Objective Early caregiving can have an impact on brain structure and function in children. The influence of extreme caregiving experiences has been demonstrated, but studies on the influence of normal variation in parenting quality are scarce. Moreover, no studies to date have included the role of both maternal and paternal sensitivity in child brain maturation. This study examined the prospective relation between mothers' and fathers' sensitive caregiving in early childhood and brain structure later in childhood. Method Participants were enrolled in a population-based prenatal cohort. For 191 families, maternal and paternal sensitivity was repeatedly observed when the child was between 1 year and 4 years of age. Head circumference was assessed at 6 weeks, and brain structure was assessed using magnetic resonance imaging (MRI) measurements at 8 years of age. Results Higher levels of parental sensitivity in early childhood were associated with larger total brain volume (adjusted β = 0.15, p =.01) and gray matter volume (adjusted β = 0.16, p =.01) at 8 years, controlling for infant head size. Higher levels of maternal sensitivity in early childhood were associated with a larger gray matter volume (adjusted β = 0.13, p =.04) at 8 years, independent of infant head circumference. Associations with maternal versus paternal sensitivity were not significantly different. Conclusion Normal variation in caregiving quality is related to markers of more optimal brain development in children. The results illustrate the important role of both mothers and fathers in child brain development.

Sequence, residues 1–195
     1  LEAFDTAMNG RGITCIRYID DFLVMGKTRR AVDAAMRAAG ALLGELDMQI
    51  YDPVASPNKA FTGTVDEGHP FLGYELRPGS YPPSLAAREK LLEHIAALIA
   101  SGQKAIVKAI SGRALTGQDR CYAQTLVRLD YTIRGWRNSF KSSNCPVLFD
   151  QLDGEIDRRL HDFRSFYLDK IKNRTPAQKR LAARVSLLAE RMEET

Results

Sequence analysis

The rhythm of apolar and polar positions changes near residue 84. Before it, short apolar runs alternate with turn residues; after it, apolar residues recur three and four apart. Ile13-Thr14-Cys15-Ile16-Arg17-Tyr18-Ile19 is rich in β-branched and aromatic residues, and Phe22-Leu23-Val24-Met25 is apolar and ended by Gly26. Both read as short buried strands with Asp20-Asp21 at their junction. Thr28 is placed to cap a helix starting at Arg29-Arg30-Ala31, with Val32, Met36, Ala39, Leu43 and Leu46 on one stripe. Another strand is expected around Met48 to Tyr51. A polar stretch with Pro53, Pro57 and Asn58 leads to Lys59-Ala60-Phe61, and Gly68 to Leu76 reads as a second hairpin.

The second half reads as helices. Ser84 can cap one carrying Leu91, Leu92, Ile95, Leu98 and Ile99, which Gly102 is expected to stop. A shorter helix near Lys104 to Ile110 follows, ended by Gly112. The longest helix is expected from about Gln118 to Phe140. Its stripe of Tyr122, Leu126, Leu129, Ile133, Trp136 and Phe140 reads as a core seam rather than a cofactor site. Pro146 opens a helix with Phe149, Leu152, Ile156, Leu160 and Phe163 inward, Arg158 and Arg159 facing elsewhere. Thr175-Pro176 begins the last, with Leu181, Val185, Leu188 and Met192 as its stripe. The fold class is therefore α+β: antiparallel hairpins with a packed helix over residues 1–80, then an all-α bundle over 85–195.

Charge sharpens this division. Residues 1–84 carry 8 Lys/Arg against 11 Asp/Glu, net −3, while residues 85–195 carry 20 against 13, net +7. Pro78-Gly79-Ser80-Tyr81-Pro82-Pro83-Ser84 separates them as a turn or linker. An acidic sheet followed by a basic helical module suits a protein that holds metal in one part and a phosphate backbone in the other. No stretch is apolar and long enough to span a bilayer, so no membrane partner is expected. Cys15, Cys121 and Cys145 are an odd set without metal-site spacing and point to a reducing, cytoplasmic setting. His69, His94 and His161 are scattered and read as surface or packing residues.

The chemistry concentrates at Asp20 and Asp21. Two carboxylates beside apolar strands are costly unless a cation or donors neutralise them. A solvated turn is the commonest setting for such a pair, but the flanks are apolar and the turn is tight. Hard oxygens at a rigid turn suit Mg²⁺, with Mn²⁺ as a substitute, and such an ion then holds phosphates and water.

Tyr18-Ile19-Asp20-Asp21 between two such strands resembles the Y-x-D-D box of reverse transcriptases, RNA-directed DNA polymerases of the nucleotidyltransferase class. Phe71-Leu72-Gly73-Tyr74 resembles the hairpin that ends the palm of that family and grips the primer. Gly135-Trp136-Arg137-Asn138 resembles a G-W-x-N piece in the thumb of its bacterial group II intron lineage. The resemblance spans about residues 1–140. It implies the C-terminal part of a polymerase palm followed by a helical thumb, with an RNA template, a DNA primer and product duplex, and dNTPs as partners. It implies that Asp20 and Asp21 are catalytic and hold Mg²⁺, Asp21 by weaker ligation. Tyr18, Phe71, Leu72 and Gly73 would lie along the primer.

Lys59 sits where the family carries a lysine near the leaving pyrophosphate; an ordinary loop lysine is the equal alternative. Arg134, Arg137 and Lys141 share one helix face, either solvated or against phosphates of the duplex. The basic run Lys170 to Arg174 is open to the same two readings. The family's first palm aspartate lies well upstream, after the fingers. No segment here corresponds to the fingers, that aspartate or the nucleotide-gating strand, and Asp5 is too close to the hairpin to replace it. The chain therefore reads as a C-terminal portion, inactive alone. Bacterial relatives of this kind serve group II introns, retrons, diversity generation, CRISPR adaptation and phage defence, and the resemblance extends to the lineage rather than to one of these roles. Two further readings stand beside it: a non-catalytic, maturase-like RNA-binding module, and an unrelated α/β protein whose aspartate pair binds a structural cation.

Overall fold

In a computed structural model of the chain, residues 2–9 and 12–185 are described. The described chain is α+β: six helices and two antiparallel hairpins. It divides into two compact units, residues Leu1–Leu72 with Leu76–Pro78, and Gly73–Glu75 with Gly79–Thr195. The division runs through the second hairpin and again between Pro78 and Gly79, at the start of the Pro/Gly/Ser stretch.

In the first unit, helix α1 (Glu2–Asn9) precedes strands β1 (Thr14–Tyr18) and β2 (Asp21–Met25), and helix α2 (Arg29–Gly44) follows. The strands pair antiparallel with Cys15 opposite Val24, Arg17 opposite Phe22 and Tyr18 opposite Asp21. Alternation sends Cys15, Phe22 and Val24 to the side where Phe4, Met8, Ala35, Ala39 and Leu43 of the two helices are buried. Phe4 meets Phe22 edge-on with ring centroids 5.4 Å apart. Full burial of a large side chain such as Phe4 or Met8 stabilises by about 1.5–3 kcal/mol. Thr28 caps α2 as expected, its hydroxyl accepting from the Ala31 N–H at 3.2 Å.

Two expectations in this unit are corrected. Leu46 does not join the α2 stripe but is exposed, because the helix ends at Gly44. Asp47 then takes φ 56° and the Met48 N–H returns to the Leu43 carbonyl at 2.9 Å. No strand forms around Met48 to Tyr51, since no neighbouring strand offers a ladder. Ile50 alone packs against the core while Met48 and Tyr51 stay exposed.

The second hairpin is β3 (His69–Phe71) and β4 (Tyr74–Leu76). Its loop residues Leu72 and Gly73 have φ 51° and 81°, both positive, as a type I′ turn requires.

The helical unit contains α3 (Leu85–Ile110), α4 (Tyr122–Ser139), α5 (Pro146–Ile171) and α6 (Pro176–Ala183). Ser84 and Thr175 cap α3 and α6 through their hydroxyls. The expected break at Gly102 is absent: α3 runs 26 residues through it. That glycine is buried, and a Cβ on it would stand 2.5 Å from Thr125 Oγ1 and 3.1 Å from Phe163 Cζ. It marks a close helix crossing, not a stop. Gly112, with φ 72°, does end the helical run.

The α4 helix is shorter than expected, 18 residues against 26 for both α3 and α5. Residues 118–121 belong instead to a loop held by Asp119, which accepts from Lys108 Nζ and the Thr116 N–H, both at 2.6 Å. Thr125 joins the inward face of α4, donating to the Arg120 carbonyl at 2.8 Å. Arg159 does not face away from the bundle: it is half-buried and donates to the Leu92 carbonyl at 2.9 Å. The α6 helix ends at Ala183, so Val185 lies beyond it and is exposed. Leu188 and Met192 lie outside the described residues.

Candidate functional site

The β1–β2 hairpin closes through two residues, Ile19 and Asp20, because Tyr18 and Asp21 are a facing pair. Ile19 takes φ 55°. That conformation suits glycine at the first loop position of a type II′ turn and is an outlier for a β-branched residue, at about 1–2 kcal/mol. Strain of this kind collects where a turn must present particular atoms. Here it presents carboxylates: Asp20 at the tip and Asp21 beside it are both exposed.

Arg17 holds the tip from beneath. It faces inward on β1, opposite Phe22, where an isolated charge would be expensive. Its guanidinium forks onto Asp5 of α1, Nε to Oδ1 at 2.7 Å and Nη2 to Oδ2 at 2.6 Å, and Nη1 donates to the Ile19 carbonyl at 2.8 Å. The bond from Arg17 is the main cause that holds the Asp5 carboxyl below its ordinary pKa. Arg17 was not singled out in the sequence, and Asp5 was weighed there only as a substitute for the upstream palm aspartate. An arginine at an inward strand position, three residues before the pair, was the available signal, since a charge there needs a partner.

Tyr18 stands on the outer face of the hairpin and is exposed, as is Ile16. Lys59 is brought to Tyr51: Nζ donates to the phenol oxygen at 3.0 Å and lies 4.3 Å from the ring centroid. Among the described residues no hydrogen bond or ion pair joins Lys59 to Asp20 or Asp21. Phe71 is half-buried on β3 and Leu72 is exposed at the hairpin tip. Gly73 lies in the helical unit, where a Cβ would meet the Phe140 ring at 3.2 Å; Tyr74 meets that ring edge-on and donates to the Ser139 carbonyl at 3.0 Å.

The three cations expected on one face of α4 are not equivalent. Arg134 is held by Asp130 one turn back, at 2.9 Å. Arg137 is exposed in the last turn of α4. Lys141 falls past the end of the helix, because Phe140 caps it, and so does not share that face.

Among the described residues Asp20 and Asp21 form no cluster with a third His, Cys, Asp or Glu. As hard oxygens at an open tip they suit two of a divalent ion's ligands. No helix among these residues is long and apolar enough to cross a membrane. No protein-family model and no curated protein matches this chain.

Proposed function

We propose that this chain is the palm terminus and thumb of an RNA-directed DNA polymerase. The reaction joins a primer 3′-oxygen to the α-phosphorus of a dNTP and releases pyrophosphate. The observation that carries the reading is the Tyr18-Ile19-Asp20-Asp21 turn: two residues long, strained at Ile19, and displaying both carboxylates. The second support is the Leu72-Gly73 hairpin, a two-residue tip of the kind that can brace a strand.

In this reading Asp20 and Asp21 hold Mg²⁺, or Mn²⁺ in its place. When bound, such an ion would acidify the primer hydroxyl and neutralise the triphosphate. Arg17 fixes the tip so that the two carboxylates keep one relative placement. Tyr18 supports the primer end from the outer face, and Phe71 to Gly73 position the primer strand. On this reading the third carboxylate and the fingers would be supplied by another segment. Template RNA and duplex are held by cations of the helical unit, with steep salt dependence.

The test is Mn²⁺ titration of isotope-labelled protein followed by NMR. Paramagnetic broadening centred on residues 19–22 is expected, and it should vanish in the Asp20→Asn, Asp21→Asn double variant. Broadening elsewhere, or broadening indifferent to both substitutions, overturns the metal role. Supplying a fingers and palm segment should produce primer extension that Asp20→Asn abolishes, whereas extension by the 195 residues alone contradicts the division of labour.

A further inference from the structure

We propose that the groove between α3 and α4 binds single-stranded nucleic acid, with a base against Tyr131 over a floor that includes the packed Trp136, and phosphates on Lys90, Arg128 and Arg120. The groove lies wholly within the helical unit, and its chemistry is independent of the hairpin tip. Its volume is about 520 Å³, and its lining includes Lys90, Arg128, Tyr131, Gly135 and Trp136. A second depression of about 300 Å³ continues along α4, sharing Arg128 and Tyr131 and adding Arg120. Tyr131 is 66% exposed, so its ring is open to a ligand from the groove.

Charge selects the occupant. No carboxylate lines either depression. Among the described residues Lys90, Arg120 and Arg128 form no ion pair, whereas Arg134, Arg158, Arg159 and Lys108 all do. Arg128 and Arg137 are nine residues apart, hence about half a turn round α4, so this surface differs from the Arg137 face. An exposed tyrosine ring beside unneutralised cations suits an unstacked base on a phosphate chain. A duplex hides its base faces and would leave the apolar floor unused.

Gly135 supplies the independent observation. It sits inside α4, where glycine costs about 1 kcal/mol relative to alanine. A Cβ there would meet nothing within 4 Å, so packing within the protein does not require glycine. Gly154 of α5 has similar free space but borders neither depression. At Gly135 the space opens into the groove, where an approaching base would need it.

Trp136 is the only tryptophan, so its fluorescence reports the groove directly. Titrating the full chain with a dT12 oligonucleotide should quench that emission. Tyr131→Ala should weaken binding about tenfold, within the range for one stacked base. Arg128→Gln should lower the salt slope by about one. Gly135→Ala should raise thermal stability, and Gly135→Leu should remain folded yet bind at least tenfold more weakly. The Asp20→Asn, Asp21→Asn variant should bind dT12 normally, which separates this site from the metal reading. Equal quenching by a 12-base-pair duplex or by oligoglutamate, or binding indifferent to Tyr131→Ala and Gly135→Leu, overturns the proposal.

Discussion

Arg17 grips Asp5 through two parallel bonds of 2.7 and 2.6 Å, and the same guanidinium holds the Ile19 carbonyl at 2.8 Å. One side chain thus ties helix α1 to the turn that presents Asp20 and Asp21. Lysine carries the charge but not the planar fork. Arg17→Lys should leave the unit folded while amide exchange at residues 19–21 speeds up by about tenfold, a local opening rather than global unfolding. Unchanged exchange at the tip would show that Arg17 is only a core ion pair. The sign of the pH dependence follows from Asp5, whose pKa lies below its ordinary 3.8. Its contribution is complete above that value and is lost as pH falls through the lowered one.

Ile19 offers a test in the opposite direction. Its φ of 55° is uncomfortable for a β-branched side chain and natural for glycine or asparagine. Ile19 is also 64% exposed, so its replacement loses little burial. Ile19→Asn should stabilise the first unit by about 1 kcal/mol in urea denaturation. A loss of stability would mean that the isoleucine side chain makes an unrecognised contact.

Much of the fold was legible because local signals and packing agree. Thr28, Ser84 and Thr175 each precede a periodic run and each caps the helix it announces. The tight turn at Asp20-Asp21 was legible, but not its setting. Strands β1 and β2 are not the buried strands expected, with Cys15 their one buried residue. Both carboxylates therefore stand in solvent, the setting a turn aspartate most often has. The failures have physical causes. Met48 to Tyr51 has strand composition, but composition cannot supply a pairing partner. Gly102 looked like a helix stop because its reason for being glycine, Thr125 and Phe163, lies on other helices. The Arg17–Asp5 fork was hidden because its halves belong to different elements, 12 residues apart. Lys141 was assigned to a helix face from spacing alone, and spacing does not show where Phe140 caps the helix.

Additional Metadata
Keywords brain structure, father, mother, MRI, sensitivity
Persistent URL dx.doi.org/10.1016/j.jaac.2015.07.009, hdl.handle.net/1765/90551
Journal American Academy of Child and Adolescent Psychiatry. Journal
Citation
Kok, R, Thijssen, S, Bakermans-Kranenburg, M.J, Jaddoe, V.W.V, Verhulst, F.C, White, T.J.H, … Tiemeier, H.W. (2015). Normal variation in early parental sensitivity predicts child structural brain development. American Academy of Child and Adolescent Psychiatry. Journal, 54(10), 824–831. doi:10.1016/j.jaac.2015.07.009